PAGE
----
Amazon has had the final word before a San Diego, Calif. court, asking for dismissal of a discrimination case brought by a heterosexual white male who argued that the e-commerce company unfairly favors select groups. Monday’s reply brief asserts that, incapable of rebutting Amazon’s legal arguments, the plaintiff merely repeats allegations made in his complaint.
The California man filed suit in October 2021, arguing that he could not fairly participate on Amazon’s platform because its policies aid only sellers identifying as LGBTQ+, Black, Hispanic, Native American, Pacific Islander, and/or female. He seeks to represent a class of similarly situated sellers and relief from state and federal discrimination law violations.
Amazon moved to dismiss the complaint, asserting that it lacks legal merit. Among other contentions, the company argued that the plaintiff has no constitutional standing because he had not sold anything on Amazon as a third-party seller and therefore could not allege injury. Last month, the plaintiff refuted those arguments in his opposition.
Now, and with the benefit of the plaintiff’s opposing arguments, Amazon says it is clear that the complaint cannot survive dismissal. The plaintiff “is eager to argue about anything except the legal issues presented by Amazon’s motion to dismiss,” according to the reply brief.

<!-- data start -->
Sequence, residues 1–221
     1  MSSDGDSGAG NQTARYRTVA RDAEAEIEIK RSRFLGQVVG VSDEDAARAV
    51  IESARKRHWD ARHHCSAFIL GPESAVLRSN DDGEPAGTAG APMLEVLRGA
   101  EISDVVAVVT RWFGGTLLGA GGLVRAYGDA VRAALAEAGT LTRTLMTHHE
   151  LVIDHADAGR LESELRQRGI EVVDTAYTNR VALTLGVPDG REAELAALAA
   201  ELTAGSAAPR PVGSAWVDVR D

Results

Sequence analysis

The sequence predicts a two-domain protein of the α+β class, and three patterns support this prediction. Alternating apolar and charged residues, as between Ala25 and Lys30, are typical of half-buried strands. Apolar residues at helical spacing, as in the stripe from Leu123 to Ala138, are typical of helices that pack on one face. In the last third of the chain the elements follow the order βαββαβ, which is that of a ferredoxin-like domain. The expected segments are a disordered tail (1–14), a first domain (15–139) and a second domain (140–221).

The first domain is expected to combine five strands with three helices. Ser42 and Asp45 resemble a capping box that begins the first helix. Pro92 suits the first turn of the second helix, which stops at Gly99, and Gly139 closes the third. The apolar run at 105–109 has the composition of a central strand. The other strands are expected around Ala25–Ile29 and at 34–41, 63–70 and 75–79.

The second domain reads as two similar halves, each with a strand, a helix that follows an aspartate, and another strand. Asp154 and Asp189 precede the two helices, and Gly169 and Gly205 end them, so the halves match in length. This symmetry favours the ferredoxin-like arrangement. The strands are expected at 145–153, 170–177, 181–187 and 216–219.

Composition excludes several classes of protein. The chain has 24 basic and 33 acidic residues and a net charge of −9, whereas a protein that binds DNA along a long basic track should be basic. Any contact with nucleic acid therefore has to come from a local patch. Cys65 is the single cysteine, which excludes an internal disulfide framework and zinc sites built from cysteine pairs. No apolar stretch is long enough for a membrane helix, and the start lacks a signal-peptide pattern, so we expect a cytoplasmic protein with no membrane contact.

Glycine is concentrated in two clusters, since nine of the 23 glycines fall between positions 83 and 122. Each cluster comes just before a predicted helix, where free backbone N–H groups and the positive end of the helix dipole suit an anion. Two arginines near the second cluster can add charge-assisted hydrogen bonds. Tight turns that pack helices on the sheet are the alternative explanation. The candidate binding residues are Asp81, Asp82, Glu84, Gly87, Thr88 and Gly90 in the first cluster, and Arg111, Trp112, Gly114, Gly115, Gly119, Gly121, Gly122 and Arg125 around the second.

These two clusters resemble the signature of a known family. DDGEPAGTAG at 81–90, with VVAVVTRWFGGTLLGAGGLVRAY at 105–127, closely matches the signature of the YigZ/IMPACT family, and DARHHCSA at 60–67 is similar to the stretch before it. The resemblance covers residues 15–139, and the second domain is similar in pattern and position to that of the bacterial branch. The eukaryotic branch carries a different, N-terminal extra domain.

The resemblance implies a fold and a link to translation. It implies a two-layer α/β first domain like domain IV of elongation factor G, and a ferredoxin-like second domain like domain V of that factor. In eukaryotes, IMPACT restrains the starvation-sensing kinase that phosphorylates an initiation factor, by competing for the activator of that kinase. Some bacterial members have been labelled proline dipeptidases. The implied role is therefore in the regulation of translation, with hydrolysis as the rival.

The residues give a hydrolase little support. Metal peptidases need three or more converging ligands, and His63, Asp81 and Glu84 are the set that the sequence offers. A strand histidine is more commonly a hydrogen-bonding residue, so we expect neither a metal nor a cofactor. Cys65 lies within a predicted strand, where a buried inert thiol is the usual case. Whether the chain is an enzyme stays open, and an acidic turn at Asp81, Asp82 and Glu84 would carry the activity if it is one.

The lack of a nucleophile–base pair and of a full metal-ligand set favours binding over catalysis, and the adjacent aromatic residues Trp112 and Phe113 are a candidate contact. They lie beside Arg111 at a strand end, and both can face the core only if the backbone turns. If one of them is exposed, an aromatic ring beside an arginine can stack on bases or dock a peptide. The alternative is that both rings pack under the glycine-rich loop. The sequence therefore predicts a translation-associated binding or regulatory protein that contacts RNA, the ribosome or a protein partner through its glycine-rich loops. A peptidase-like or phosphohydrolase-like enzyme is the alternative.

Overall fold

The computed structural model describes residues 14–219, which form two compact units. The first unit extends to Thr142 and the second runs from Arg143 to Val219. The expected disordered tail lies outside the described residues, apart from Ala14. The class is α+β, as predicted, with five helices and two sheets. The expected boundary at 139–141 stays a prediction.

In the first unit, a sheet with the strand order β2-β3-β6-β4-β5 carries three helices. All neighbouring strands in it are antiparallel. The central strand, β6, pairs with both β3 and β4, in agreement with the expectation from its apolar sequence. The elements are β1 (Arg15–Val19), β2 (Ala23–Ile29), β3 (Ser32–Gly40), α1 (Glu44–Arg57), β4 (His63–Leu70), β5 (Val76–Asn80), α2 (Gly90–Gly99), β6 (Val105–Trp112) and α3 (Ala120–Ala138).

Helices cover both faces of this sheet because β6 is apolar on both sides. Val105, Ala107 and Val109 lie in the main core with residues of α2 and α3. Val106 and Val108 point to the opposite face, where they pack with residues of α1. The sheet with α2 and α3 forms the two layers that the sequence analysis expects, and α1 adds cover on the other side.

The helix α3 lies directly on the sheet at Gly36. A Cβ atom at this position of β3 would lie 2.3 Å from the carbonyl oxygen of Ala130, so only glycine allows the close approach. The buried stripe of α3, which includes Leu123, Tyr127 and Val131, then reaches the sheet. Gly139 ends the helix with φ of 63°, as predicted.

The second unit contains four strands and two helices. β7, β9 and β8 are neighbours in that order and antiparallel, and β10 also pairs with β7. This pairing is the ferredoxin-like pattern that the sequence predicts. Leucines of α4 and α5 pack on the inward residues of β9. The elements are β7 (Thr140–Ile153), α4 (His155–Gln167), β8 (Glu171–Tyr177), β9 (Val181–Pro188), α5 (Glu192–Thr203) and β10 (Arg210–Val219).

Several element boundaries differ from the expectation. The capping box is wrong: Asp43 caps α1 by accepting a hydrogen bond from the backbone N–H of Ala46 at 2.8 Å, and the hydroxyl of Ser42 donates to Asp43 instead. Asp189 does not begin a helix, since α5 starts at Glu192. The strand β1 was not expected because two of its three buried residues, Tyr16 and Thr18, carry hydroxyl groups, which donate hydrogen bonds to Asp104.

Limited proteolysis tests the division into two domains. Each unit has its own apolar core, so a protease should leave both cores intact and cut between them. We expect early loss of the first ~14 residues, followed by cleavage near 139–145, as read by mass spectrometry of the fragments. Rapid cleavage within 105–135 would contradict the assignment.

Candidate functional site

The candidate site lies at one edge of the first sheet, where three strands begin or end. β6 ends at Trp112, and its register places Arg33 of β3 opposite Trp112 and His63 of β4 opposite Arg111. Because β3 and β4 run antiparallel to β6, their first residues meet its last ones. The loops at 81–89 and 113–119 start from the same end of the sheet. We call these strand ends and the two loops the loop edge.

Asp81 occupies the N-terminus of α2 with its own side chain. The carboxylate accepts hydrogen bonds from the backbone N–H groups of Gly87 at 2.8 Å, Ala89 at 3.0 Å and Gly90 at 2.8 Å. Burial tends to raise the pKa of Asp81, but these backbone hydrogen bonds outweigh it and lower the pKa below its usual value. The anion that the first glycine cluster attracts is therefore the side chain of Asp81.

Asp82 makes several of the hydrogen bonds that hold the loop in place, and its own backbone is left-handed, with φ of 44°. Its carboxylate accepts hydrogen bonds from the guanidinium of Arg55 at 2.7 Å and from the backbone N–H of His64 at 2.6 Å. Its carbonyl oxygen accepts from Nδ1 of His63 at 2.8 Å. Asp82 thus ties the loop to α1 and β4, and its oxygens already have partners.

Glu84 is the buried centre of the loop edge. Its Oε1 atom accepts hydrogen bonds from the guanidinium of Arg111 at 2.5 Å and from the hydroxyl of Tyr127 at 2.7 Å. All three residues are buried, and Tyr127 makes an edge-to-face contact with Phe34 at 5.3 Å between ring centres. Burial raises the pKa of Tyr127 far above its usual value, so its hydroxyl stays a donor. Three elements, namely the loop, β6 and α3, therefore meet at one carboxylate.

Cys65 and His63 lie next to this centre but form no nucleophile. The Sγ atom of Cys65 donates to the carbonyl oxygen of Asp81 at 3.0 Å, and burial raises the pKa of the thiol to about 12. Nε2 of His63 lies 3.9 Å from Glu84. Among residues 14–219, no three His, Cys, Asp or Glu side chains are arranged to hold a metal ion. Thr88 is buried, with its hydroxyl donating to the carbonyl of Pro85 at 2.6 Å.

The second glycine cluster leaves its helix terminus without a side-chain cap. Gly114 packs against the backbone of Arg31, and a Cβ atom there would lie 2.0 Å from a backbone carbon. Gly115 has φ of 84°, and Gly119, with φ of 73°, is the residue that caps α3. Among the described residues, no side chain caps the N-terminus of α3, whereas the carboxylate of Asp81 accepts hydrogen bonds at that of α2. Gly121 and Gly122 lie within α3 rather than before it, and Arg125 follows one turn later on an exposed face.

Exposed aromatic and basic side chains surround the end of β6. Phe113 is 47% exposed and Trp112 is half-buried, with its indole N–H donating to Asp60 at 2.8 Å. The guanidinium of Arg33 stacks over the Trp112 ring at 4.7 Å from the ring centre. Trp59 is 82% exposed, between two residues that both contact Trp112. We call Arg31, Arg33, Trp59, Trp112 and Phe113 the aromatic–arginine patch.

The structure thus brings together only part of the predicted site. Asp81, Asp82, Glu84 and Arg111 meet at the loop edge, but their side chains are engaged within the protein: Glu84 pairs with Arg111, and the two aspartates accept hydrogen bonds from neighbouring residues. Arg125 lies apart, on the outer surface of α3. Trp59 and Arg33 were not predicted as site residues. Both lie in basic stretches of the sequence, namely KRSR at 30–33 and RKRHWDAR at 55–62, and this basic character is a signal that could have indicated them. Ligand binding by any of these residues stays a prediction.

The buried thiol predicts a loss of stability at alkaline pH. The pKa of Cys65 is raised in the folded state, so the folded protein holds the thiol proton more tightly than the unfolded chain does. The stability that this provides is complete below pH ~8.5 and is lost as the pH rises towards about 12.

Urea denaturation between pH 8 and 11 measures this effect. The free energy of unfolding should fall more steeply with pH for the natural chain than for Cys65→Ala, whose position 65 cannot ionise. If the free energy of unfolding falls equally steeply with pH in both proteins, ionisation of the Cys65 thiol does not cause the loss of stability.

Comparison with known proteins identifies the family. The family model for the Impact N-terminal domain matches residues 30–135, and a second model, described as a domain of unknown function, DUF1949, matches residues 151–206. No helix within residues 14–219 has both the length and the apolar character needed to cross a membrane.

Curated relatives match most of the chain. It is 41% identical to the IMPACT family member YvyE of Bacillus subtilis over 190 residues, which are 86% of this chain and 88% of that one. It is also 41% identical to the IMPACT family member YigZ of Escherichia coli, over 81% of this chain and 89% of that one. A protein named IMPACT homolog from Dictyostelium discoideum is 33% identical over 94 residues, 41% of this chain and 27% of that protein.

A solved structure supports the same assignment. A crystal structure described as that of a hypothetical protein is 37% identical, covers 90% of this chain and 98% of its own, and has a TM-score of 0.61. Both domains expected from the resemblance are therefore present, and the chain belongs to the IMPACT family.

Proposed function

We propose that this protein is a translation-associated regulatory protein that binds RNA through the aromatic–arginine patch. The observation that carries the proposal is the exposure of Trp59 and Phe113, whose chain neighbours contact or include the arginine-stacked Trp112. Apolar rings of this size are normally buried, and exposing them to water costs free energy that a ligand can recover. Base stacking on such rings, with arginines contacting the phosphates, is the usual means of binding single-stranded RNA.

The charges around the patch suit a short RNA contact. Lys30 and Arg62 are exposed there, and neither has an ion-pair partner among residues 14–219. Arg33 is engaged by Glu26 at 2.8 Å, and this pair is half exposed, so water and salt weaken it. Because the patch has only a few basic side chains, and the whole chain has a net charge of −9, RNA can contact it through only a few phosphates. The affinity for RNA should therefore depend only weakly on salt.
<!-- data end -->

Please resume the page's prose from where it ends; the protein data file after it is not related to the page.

Amazon reiterates that it does not prevent any seller from using its e-commerce platform on the basis of their race, sexual orientation, or gender. Instead, its initiatives reportedly “help customers access a diverse range of sellers.”
Turning to the merits, the reply asserts that the plaintiff has not rebutted Amazon’s Article III standing contention. His only argument rests on “readily distinguishable” precedent, the brief stated.
Additionally, his California Unruh Act claim reportedly fails in substance. “Amazon’s efforts to foster a diversity of choice are specifically and expressly encouraged by numerous provisions of California and federal law,” the reply said.
The plaintiff allegedly cherry-picks provisions which he claims buoy his contention that Amazon’s practices violate public policy. Not so, the company replies, arguing that they actually support Amazon’s initiatives. Furthermore, the plaintiff does not and cannot rebut myriad other state and federal provisions cited by Amazon in its motion to dismiss because “California and federal policy clearly encourage Amazon to do precisely what it is doing.”